Journalists continue to face dangers in India: Amnesty

Journalists continue to face dangers in India: Amnesty
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NEW DELHI: Many journalists in India continue to face death threats, attacks and false charges “just for doing their work”, Amnesty International said on Wednesday, the first anniversary of journalist Gauri Lankesh’s murder.
“Gauri Lankesh’s death anniversary is an occasion for us to introspect on how people who expose the truth, including journalists and whistleblowers, are increasingly under attack in India,” Amnesty India Executive Director Aakar Patel said. “While it is heartening that the investigation into Gauri Lankesh’s murder seems to be progressing, investigations into several other attacks on journalists and whistleblowers have yielded precious little. It is a dangerous time for anyone who speaks truth to power in India.”
The NGO quoted a Reporters Without Borders report which said that at least four journalists have been killed in India till June this year, and three others physically attacked. “Several other journalists have received threats for journalism that is critical of the state,” the NGO said.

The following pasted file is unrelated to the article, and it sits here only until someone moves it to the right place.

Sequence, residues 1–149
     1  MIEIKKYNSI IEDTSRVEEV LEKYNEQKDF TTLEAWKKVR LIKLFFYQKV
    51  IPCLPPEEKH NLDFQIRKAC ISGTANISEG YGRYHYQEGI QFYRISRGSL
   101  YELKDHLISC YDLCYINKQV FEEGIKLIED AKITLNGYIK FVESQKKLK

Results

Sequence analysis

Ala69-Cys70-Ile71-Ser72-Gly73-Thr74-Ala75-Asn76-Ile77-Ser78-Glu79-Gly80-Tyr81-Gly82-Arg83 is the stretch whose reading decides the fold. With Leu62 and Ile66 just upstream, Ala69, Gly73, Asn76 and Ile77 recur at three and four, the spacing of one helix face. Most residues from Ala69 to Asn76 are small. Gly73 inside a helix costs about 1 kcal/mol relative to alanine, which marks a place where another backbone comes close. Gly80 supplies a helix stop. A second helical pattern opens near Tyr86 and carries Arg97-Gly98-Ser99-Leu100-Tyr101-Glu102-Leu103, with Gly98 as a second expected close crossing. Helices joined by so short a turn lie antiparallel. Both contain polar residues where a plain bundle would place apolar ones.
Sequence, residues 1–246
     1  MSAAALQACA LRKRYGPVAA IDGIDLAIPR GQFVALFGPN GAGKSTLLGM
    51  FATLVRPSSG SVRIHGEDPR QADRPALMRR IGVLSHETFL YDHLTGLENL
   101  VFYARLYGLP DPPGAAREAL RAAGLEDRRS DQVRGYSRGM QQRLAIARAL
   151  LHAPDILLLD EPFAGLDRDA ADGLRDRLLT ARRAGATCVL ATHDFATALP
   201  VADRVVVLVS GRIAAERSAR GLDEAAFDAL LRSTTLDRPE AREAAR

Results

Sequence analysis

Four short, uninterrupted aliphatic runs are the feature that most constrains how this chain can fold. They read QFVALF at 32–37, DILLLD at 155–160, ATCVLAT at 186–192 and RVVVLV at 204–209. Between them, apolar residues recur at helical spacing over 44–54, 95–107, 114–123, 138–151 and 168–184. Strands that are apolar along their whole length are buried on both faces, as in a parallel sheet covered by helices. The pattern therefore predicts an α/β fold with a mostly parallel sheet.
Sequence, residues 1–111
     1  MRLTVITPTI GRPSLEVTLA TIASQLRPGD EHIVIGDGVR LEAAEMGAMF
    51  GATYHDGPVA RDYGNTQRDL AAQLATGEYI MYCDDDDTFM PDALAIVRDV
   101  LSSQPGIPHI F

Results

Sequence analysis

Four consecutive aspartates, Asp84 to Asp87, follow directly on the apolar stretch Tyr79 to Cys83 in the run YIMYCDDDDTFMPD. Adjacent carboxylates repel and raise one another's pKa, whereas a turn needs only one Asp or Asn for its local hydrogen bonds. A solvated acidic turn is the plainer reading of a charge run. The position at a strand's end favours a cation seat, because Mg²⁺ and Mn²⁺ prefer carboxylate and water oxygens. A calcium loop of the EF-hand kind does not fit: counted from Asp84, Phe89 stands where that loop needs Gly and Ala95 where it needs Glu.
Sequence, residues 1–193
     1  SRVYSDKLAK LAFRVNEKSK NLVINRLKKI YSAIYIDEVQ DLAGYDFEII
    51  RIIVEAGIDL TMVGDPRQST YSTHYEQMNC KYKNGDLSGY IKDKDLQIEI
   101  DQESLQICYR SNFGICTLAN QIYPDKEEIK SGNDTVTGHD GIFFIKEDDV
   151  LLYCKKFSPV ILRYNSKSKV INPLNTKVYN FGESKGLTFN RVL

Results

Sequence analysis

“Be it the arrest of [activists] Gautam Navlakha and Varavara Rao, or the murder of several other journalists, attacks on journalism in India not only stifle the constitutional right to freedom of speech and expression but also have a profound silencing effect,” Patel said. “Journalism cannot be suppressed by those refusing to acknowledge the truth.”
Amnesty International also quoted a Committee for the Protection of Journalists survey, which ranked India 12th in its 2017 Global Impunity Index. This ranks countries according to where murders of journalists are least likely to face legal prosecution. The NGO also deplored the Indian government’s move to dilute the Whistleblowers Protection Act, 2014, which has not yet been operationalised.